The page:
“so we have something in common. i represent hospitals that get sued and you make sure i don’t give away their money.”

            “lol. yep. i’m the bastard that checks to make sure all the i’s are dotted and all the t’s are crossed.”

            There was a pause in our discussion. I had maximized the Instant Message screen, obliterating all of the other conversations in the chat room. I rubbed my eyes. The length of the day was beginning to overcome the excitement of the encounter.

            “what kind of music do you like?”

            “mostly rock, though i also like blues,” I responded.

            “what about sting?”

            “he’s all right. i like ‘every breath you take’. that’s a classic. and of course, i’m partial to ‘roxanne’.”

            It was a bold move, a calculated play, made perhaps too early in the game. But I was near the end of my endurance. Even the adrenaline of the moment could not sustain me much longer.

            “how about you?” I asked.

“same, though more into folk. some of that blues stuff gets too pretentious.”    

She was working her way deeper into my mind. I tried to imagine what she looked like. Was she tall, thin, and metropolitan like I imagined? Darkly Jewish and uninhibited? Dangerous in a certain way, a forbidden woman for a Gentile man? Did she smoke? What did she like to drink?

            She was married. Why was she up, late at night, later still because of the time difference, talking to someone in another country when she should be asleep next to the man she loved, just like I should be asleep next to the mother of my children?

            Elizabeth was up. I listened quietly, subdued by nervous shame, as the bathroom door closed behind her.

            “i need to go to bed.”

            “me too. too bad you’re so far away.”

             A direct pitch I hadn’t seen coming.

            “i meant i have to get up early tomorrow. i’m tired, need to sleep.”

            “oh. i must be boring you.”

            I couldn’t tell if she was teasing or seriously hurt.

            “that’s not it. i really do have to get up for work in less than six hours. you’re great,” I wrote.

            “great…that’s an interesting choice of words for someone who calls himself a writer.”

            “pretty lame, i agree. how about intoxicating, intriguing, and sensual?”

I knew I was putting myself on the line, opening my privacy up to more than I could likely deal with. I felt the urgency of connection, the ancient rush of sexuality driving my fingers across the keyboard.

            “those i’ll accept. <puts her arms around the stranger and gives him a deep, romantic first kiss>. sigh.”

            “can we talk again sometime?”

            “sure. i’m free next Tuesday, after 10:00pm your time. how about you?”

            I thought for a moment about canceling, about removing myself from the seemingly sorry fantasy I was about to engage in but the mystery of the woman on the other end of the telephone line was irrepressible. It wasn’t like I was without a choice. I couldn’t claim that. And it wasn’t like I was unable to weigh the consequences. I simply couldn’t resist.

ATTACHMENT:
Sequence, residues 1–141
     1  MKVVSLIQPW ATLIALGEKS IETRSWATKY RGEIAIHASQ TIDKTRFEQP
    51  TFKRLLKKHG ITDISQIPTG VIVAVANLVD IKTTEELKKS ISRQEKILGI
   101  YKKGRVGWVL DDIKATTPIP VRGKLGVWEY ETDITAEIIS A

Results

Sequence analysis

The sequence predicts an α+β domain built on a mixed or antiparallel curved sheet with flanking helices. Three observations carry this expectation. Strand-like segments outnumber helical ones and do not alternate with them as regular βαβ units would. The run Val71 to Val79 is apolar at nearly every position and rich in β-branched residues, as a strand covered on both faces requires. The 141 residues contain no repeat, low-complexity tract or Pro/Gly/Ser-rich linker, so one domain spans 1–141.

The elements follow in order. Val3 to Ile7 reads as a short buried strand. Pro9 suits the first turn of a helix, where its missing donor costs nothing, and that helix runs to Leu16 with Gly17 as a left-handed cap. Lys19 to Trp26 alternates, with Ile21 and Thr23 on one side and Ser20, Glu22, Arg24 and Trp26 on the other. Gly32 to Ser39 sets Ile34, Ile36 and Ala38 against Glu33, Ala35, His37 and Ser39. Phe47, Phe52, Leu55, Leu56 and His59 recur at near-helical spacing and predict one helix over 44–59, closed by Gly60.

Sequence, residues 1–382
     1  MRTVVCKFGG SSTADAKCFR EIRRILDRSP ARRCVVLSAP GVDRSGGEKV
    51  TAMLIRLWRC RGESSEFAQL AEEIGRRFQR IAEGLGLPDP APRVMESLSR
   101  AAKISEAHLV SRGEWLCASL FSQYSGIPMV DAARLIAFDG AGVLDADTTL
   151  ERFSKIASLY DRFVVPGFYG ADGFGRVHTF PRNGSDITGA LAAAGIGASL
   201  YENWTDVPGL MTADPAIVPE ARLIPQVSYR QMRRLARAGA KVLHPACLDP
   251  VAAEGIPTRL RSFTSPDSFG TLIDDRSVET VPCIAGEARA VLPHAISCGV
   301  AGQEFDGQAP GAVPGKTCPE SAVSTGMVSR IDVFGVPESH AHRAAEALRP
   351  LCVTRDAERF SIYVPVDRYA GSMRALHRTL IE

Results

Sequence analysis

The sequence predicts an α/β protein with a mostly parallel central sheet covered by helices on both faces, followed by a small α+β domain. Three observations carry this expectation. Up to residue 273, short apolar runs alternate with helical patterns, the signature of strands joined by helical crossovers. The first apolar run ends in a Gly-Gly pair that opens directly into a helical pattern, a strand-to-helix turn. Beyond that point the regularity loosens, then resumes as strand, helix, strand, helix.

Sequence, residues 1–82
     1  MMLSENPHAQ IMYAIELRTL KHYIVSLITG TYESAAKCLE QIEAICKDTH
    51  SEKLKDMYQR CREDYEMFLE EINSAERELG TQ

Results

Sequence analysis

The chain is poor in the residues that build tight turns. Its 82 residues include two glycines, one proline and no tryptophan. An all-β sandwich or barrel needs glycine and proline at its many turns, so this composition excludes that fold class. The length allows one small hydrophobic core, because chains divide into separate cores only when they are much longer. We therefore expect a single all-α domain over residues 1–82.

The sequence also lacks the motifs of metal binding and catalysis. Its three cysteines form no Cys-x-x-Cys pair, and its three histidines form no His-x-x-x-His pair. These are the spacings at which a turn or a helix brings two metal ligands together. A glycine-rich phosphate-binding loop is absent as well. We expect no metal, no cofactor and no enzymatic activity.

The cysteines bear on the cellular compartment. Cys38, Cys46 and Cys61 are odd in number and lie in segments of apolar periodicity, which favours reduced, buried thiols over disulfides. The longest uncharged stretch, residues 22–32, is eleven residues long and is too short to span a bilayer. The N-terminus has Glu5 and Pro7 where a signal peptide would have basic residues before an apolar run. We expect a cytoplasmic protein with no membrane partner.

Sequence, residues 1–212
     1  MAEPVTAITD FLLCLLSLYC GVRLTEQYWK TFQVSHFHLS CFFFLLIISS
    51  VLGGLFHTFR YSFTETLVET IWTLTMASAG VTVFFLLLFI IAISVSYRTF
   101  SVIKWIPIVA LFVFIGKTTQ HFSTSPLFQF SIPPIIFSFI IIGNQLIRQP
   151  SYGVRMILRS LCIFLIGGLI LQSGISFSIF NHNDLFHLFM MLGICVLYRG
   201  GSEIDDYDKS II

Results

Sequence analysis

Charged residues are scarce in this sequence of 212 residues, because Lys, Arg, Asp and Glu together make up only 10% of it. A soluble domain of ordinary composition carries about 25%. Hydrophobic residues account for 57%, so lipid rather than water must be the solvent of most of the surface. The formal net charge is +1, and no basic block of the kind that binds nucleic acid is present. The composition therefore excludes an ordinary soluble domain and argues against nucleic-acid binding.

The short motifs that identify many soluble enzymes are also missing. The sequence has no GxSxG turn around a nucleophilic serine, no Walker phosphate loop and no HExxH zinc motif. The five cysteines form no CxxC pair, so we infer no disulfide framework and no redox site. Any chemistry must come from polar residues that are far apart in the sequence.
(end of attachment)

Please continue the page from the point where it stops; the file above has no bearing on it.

“ok. i’ll look for you around 11:00pm your time in this chat area. i’ll bring the wine.”

            “hmmm. wine. make sure it’s red and expensive. i’ve got just the dress for red wine.”

            “what’s it look like?”

            “you’ll have to wait. trust me. it’ll be worth it. just make sure the wine has a cork.”

            “you mean no boone’s farm or ripple?”

            “not if you want to impress this sophisticated lady from thunder bay.”

            “so noted. i’ll make sure the bottle comes with a cork. what should i wear?”

            “surprise me. just don’t come dressed as an accountant.”

            “that hurt. don’t you like the conservative type?”

“no and i can tell from our conversation that isn’t the real you.”

            “you’re pretty sure of yourself, ms. roxanne.”

            I was entranced. I knew I could sit by the dim light of my computer screen all night and type away fictitious conversation with my non-existent mistress. The toilet flushed. I heard my wife’s weary steps retreat across the hardwood towards our bedroom.

            “Mike? Are you still up? It’s nearly one,” Elizabeth called out in a soft voice. 

            “I’m coming right up.”

            “gotta go. next tuesday it is. <he returns the kiss with intensity and begins walking towards the shadows.>”

            “goodbye, michael <she says, watching him leave through a light rain, asking herself what she’s getting into.>”

            The bedroom was cold as I undressed. I removed my loose fitting Levi 501’s and my T-shirt, trying to be quiet in the exercise, hoping that my wife had gone back to sleep. Slipping on a pair of cotton gym shorts, I found my place under the quilt and sheets on my side of the bed. The chill of winter touched my naked chest as the cold fabric of the bed linens passed over my skin.

            “What were you doing up so late?”

            There was a hint of suspicion, of mistrust in Beth’s voice as her words found my exhausted ears.

            “Just researching some material for a story,” I replied.

            “After midnight?”

            “Uh huh. Got carried away. I’ll be fine.”

But as I tried to sort out what had taken place over the past hour, I began to realize that my last statement was a lie.